One of the cemeteries in Find-A-Grave that I've been interested in for some time is Bonney Cemetery. It's also known as Churchill Plantation Cemetery. It looked to be right off of Highway 3. A map had been generated for it, so I was certain it was at last there at one time. According to Find-A-Grave there are only seven people interred there. So, I grabbed my stuff about 7:30 this past Saturday morning, filled up at the local Shell station, stopped at Cups for the usual mocha latte, and hit the road.
The Friday night before, I had gone to Target to pick up a Father's Day card and some goodies for my father-in-law. While I was there, I picked up a thank you card for the kind folks who showed me McLeod Cemetery. I don't know their names, but they live on Highway 433, and that's the way I was going to get to Highway 3.
I put the card in their mail box and headed on to Highway 3. I turned my GPS device on, selected the waypoint for Bonney Cemetery, and clicked "Go". I turned left on 3 and went to the compass on my GPS. I could see I was heading in the right direction. I started slowing down when the distance got below a mile. After I got to around 200 feet or so, I started looking off to my left, where the compass was pointing. As I crawled along, the feet started increasing again, and the direction the needle on the compass was pointing was now pointing behind me to the left. I must have made about 2 or 3 u-turns until it looked like I needed to go perpendicular to the highway. There was a trailer there and woods on either side. In front of the trailer was a small garden, and an older black man was working in it. I asked him if he was familiar with Bonney Cemetery and told him it looks like it should be in the woods next to the trailer. He wasn't familiar with it, but he didn't own the property next to his trailer. A Mr. Hintson owns it. I asked him if Mr. Hintson lived in the area. He said he did, and that if I'll drive just across the Yazoo County line into Warren County, about 7 miles or so, I could ask anybody and they'd know where Mr. Hintson lives. I thanked him, made yet another u-turn and headed toward Warren County.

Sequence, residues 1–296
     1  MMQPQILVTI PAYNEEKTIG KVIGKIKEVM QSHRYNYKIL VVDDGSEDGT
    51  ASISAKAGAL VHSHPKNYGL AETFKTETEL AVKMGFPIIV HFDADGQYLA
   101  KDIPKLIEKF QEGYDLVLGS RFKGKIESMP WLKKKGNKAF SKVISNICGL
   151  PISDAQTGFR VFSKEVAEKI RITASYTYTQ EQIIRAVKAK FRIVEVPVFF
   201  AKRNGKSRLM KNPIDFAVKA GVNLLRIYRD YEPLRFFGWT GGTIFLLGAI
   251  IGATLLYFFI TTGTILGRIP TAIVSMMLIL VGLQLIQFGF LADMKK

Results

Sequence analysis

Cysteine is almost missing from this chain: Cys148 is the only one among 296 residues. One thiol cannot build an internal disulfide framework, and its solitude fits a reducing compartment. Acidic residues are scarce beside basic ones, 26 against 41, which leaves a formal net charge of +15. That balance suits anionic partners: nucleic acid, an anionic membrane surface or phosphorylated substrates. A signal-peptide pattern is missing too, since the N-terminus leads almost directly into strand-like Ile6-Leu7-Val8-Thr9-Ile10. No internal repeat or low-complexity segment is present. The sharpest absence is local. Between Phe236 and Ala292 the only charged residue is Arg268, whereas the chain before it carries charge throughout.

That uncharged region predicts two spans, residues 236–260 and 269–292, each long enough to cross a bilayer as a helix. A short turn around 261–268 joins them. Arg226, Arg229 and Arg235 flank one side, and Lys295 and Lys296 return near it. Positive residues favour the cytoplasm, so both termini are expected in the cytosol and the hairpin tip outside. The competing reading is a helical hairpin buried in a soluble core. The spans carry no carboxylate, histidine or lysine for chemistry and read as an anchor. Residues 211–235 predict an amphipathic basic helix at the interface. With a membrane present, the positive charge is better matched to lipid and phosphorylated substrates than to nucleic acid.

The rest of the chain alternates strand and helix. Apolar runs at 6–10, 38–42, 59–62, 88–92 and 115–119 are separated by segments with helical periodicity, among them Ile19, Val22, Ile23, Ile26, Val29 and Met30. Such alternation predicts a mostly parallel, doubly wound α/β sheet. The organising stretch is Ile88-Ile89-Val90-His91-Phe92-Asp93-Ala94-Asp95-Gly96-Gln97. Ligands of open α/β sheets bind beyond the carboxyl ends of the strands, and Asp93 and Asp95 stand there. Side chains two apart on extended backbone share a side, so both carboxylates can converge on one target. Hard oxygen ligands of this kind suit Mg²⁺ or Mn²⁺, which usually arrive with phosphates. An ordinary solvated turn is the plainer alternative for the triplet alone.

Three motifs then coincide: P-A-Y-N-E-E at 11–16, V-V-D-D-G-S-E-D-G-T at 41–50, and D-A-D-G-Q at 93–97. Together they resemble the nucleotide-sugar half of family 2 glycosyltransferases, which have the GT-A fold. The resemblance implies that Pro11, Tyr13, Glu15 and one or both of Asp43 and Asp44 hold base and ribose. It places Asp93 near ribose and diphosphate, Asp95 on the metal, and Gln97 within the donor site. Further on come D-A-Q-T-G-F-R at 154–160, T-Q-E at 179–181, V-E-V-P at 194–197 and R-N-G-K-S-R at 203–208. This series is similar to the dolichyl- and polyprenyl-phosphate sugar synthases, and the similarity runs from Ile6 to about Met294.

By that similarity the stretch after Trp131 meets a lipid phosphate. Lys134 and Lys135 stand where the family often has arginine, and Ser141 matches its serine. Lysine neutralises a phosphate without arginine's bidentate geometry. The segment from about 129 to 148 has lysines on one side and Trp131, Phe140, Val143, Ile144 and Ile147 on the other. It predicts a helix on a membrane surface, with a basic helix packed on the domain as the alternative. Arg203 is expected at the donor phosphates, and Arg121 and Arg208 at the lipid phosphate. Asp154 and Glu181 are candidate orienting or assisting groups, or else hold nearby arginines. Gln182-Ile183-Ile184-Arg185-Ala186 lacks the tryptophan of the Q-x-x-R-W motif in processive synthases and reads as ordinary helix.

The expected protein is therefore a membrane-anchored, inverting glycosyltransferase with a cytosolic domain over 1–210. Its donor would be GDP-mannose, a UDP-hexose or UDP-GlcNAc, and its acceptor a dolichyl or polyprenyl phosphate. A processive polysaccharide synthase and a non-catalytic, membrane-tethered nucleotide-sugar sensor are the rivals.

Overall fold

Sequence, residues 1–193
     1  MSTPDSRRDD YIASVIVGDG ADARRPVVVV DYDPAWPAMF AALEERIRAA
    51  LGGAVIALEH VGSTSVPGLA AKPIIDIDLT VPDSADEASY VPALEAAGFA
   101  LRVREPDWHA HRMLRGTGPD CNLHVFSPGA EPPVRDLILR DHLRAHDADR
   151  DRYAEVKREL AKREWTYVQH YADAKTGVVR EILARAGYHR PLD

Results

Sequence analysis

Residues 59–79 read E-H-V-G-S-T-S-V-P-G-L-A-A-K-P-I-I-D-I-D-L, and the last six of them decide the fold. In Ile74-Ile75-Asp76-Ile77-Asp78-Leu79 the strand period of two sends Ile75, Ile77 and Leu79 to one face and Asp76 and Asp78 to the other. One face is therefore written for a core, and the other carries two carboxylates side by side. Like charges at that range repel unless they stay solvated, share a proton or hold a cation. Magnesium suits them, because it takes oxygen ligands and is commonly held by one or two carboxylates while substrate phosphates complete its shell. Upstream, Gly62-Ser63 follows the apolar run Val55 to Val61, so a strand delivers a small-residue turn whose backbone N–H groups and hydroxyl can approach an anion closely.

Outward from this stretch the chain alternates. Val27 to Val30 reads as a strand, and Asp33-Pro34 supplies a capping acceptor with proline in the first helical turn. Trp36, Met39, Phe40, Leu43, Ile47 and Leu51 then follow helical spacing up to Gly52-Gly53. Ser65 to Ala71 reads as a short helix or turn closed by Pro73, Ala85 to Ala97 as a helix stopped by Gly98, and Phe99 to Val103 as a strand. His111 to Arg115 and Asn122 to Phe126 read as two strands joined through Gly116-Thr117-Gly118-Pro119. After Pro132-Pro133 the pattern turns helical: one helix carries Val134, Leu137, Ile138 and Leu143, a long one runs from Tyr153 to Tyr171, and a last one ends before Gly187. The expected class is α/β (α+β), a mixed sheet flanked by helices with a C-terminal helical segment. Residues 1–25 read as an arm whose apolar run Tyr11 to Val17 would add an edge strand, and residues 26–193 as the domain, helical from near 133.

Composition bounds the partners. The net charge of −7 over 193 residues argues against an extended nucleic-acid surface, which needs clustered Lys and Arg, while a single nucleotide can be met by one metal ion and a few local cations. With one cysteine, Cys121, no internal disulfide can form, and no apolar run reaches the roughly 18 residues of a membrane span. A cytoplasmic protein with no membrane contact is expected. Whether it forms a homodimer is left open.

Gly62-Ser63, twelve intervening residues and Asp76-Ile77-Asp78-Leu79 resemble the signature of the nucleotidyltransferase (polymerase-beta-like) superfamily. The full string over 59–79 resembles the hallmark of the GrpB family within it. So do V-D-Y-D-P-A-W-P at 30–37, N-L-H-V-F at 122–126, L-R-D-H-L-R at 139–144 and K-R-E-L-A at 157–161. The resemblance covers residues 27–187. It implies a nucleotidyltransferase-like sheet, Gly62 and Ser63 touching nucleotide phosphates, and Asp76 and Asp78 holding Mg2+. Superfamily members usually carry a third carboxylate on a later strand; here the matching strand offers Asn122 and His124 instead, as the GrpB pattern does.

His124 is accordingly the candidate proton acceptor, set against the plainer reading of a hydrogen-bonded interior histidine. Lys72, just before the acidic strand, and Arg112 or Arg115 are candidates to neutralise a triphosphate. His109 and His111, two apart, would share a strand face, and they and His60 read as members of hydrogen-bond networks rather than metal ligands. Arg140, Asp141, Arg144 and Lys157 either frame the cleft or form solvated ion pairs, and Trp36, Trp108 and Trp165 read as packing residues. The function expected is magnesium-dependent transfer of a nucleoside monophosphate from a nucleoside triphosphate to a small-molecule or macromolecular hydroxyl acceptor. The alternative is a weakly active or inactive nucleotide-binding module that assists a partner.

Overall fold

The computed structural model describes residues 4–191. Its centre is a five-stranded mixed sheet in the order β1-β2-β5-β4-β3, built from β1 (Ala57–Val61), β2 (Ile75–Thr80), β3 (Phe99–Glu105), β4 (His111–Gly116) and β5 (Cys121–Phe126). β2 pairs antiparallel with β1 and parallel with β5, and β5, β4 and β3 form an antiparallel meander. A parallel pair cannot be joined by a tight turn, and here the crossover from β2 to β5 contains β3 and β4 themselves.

I wondered briefly if I had lost my mind. I'm going to drive into Warren County and start asking folks if they know a Mr. Hintson, and where he lives. But I only wondered for a minute. When I crossed the Warren County line, I noticed a black woman walking on the opposite side of the road. So, I stopped and asked if she knew a Hintson family. She said she did, and he lived right up the road in a yellow house with a beige pickup truck. I thanked her for her help and since I was about to get rear ended by a truck, I drove a little further up the road. Less than a mile more, and there on a hill to my left was a yellow house with a beige pickup truck, and the name Charles Hintson on the mailbox.